The cardiovascular program at the University of Minnesota (UMN) has a rich history of innovative discoveries that have transformed the treatment of cardiovascular disease. These discoveries include the world's first open heart surgical procedure, the use of the world's first transistorized pacemaker, and advances in cardiac transplantation and cellular therapy. These paradigm-shifting discoveries provided a fertile educational environment and resulted in the training of hundreds of academic leaders who have further impacted the field of cardiovascular medicine.
Previously, a more traditional T32 training program in the Cardiovascular Division was awarded from 2003 to 2013. The current T32 program in Cardiology was awarded in 2019, and is based upon a completely new premise, emphasizing training in science, innovation, and entrepreneurship. We seek to support our trainees in an environment that allows easy interchange of concepts and technical expertise between MD research trainees and PhD postdoctoral fellows. In addition to a solid foundation in cardiovascular physiology and biology, all trainees will be exposed to training in aspects of idea commercialization.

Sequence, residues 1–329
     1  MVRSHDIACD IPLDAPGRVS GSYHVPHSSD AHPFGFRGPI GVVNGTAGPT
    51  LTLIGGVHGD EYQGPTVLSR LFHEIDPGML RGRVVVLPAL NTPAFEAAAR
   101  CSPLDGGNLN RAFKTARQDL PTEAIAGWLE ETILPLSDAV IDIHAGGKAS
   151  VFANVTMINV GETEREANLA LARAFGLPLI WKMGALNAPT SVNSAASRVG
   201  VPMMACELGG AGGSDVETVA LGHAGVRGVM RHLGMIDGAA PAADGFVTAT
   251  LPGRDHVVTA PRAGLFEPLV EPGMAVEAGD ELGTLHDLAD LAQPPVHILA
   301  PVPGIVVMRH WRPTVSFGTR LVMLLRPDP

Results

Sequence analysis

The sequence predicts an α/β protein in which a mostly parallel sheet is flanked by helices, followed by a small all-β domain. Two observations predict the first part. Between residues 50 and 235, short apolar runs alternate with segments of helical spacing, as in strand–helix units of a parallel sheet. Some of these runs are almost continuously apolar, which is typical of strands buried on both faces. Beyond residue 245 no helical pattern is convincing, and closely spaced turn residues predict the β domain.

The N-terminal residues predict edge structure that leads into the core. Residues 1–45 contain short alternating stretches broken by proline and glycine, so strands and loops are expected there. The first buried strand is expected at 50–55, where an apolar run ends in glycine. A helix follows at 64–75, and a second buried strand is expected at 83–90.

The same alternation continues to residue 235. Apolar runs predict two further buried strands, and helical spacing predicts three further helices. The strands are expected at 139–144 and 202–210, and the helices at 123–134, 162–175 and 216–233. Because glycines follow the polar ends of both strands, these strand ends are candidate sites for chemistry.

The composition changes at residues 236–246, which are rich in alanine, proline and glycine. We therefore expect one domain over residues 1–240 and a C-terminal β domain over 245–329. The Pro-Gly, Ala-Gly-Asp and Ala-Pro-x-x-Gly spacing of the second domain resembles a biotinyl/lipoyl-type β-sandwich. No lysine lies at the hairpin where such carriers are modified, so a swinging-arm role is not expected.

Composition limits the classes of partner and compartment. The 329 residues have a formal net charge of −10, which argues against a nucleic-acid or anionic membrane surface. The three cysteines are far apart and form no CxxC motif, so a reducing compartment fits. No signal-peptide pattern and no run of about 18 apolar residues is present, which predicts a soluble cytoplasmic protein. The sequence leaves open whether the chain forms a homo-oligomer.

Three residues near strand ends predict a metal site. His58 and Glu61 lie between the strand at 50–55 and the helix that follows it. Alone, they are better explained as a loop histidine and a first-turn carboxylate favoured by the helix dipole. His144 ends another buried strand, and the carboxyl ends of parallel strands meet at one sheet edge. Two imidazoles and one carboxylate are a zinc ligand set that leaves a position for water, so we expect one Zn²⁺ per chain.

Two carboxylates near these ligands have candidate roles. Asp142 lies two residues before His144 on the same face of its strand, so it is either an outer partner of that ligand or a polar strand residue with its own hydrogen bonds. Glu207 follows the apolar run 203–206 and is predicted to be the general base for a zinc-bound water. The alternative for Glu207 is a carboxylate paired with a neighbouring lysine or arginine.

Inquiries may be made via email to the Program Director, Dr. Samuel Dudley, email@example.com.
Research Training Duration
We expect trainees to engage in a minimum of 3 years of research, which will also include training in innovation, development of a business plan related to the project, and grant applications for career advancement. For PhDs, this would consist of a K99/R01 award application, and for MD trainees, the application would be for the K08 or K23 programs.
Cardiology Physician Scientist Training Pathway
For fellows in the PSTP cardiology program, training is anticipated to include:
- Residency training in Internal Medicine: minimum of 24 months
- Intensive research training: 36 months
- Clinical cardiology fellowship training: minimum of 24 months
Total length of training is 7 years. Trainees are eligible for Internal Medicine Board Certification in the summer of PGY-4 as long as two years of internal medicine and one year of clinical cardiology have been satisfactorily completed. Trainees are eligible for cardiology subspecialty board certification in the fall of PGY-7.